The police can't always protect you, which is why it is the responsibility of every mentally and physically capable adult to provide for his own protection.
A city alderman frustrated with the police response to rising crime called Tuesday on residents to arm themselves to protect their lives and property.
Alderman Charles Quincy Troupe said police are ineffective, outnumbered or don't care about the increase in crime in his north St. Louis ward. St. Louis has had 157 homicides in 2008, 33 more than last year at this time.
"The community has to be ready to defend itself, because it's clear the economy is going to get worse, and criminals are getting more bold," Troupe, 72, said Tuesday.
Troupe said that when he and residents approached a district police commander last year, they were told "there was nothing he could do to protect us and the community ... that he didn't have the manpower."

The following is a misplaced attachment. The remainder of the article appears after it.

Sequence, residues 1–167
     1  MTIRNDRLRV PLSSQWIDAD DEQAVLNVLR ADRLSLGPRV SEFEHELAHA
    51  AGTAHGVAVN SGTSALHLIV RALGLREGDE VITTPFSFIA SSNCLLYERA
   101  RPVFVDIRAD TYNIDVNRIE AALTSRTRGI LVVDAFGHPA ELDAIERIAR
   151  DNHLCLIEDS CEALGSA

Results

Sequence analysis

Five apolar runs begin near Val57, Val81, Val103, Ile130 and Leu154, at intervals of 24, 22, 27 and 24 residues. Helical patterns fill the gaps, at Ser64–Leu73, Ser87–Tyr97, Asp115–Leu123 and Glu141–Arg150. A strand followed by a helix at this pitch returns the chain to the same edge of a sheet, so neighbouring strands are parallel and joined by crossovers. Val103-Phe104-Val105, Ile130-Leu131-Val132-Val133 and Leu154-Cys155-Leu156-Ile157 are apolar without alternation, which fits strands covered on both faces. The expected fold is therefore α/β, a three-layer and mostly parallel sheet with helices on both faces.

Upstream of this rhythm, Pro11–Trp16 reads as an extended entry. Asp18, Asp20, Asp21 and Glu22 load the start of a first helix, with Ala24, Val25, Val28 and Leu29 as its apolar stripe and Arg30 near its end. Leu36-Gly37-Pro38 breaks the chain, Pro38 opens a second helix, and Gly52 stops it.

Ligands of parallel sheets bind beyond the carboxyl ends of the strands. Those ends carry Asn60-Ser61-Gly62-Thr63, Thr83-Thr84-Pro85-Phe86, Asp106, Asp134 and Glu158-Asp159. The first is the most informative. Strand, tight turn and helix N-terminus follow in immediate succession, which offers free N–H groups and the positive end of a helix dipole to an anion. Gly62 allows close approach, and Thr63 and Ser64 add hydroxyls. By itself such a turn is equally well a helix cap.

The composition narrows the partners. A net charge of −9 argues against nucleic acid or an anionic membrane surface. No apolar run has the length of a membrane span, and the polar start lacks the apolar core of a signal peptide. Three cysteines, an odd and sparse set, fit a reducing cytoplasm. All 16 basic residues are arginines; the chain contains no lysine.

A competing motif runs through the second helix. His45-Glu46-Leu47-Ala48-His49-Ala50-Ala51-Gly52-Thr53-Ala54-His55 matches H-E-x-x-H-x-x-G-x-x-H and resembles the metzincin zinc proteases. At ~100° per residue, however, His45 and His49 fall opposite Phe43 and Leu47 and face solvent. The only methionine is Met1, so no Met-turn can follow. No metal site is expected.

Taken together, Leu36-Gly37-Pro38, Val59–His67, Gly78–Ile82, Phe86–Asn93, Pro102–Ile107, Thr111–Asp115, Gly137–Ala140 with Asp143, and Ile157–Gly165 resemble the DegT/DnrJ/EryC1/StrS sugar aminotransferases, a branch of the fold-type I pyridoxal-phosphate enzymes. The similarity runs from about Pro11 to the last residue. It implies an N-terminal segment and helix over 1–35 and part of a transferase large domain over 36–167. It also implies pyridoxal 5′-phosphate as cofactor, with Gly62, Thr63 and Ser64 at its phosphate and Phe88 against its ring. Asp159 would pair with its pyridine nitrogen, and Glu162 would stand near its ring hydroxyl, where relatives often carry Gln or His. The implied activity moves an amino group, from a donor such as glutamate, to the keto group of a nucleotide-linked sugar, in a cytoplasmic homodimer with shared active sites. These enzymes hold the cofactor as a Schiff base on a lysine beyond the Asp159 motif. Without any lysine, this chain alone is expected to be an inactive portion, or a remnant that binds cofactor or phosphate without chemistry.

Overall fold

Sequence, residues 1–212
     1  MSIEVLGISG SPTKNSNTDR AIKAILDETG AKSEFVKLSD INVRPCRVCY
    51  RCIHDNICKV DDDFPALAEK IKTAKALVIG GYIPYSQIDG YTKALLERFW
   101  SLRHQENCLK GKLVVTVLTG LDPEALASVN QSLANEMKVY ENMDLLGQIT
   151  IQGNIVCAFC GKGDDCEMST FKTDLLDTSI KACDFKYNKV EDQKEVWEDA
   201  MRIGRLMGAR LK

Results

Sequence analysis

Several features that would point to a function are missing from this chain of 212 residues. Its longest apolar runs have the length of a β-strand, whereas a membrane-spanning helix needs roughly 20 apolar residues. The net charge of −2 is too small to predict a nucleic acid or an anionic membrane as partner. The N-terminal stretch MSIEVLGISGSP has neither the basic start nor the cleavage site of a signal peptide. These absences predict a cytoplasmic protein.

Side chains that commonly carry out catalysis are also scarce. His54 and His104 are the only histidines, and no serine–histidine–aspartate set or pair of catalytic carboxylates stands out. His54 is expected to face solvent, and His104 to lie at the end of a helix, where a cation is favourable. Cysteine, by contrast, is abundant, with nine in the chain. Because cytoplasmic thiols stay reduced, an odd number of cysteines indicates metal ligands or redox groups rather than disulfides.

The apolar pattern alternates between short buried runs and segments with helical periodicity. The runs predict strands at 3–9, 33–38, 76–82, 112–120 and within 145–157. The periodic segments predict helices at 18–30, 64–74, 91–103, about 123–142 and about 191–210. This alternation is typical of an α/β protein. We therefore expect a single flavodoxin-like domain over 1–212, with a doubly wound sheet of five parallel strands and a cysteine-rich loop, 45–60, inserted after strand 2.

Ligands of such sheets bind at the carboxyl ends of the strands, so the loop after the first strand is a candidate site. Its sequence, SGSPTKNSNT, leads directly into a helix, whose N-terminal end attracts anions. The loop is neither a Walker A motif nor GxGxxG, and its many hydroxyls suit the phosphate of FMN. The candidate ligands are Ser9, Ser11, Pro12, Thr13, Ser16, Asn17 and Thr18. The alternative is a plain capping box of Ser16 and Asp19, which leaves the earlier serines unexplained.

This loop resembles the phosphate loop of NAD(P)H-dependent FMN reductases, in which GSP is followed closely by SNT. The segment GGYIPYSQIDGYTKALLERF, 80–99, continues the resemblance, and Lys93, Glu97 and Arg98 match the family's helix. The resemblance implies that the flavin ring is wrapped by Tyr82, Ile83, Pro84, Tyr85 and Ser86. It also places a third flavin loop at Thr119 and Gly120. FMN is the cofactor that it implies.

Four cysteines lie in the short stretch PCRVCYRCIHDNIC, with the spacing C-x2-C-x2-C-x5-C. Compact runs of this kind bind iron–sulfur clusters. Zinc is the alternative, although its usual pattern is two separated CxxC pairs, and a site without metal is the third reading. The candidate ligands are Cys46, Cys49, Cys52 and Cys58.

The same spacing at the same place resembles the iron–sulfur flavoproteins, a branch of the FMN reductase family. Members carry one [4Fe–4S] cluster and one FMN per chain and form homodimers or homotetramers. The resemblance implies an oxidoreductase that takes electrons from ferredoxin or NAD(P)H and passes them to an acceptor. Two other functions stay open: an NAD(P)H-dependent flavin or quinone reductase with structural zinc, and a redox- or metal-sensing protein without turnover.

Even the best police can't be everywhere. Usually the only people attending a violent crime are the perpetrator and the victim... and the police show up later to draw chalk outlines. You can bet that the perpetrator will be armed.
Police did not immediately return requests for comment. Chief Dan Isom wrote Tuesday in a department blog that citizens arming themselves will lead to more danger, not less, he said.
Neighborhood watch groups, and the hard work of helping to eradicate poverty and other social ills, are better crime-prevention tools, he said. ...
"Much of the problem is free and easy access to guns," Rosenfeld said. "This hope that by putting guns in the right hands will have an influence on criminals is a false hope. There's no evidence for that."
For the first time, researchers analyzed crime statistics for all 3,054 counties in the United Sates between 1977 and 1992, according to one of the authors of the unpublished study, Professor John Lott. After adjusting for a general fall in crime rates, the study found that:
* In the 31 states that now have "concealed right to carry" laws, murders were down, on average, by 8.5 percent.
* Rapes were down 5 percent and serious assaults by 7 percent.
* In cities with populations of more than 250,000, murder rates dropped after the passage of such laws by an average of 13.5 percent.
Either St. Louis Mayor Francis Slay and Police Chief Dan Isom are ignorant of the data, or they're purposefully putting citizens in danger to make their own lives easier.